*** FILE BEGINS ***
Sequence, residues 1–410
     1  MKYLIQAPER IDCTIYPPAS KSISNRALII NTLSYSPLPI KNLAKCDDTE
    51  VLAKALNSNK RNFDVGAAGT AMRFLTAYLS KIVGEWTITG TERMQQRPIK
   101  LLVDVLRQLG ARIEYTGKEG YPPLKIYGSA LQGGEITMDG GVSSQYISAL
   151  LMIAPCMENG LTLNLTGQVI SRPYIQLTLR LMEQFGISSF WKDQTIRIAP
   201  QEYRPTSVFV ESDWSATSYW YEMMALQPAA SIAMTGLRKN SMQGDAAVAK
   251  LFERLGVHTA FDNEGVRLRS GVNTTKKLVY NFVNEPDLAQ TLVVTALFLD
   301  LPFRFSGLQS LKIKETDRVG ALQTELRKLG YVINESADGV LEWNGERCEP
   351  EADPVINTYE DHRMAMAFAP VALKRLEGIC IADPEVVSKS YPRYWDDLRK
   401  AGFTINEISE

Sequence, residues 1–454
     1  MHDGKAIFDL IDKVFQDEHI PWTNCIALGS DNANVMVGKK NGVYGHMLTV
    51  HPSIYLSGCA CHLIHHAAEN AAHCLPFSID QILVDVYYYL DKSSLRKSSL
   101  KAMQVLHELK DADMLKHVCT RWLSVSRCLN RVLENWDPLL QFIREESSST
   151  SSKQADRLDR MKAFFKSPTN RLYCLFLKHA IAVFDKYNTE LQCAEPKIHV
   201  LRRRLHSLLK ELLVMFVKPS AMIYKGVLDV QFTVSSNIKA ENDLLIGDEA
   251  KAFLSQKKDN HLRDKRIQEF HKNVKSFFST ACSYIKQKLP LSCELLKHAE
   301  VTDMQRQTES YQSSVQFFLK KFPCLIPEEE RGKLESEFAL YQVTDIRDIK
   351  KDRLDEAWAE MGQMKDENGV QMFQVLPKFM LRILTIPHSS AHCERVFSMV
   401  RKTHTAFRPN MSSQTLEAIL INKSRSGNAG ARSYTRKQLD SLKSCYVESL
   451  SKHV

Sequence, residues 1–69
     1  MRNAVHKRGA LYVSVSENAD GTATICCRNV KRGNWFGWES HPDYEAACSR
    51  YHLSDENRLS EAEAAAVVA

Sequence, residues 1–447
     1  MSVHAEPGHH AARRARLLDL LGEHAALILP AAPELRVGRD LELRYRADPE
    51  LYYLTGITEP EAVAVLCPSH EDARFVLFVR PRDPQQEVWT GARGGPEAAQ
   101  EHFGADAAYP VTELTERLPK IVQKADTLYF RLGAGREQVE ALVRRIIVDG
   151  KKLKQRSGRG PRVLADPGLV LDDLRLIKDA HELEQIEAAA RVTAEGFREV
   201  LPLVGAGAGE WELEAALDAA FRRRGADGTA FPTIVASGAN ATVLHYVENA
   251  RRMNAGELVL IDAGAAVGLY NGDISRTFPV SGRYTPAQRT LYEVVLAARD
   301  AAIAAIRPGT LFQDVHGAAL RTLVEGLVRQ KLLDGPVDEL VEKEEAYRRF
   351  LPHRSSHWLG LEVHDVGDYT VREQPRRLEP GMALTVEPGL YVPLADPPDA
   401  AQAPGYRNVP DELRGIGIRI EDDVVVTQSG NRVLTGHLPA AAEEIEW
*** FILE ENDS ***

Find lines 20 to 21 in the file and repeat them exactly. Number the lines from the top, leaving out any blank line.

   401  RKTHTAFRPN MSSQTLEAIL INKSRSGNAG ARSYTRKQLD SLKSCYVESL
   451  SKHV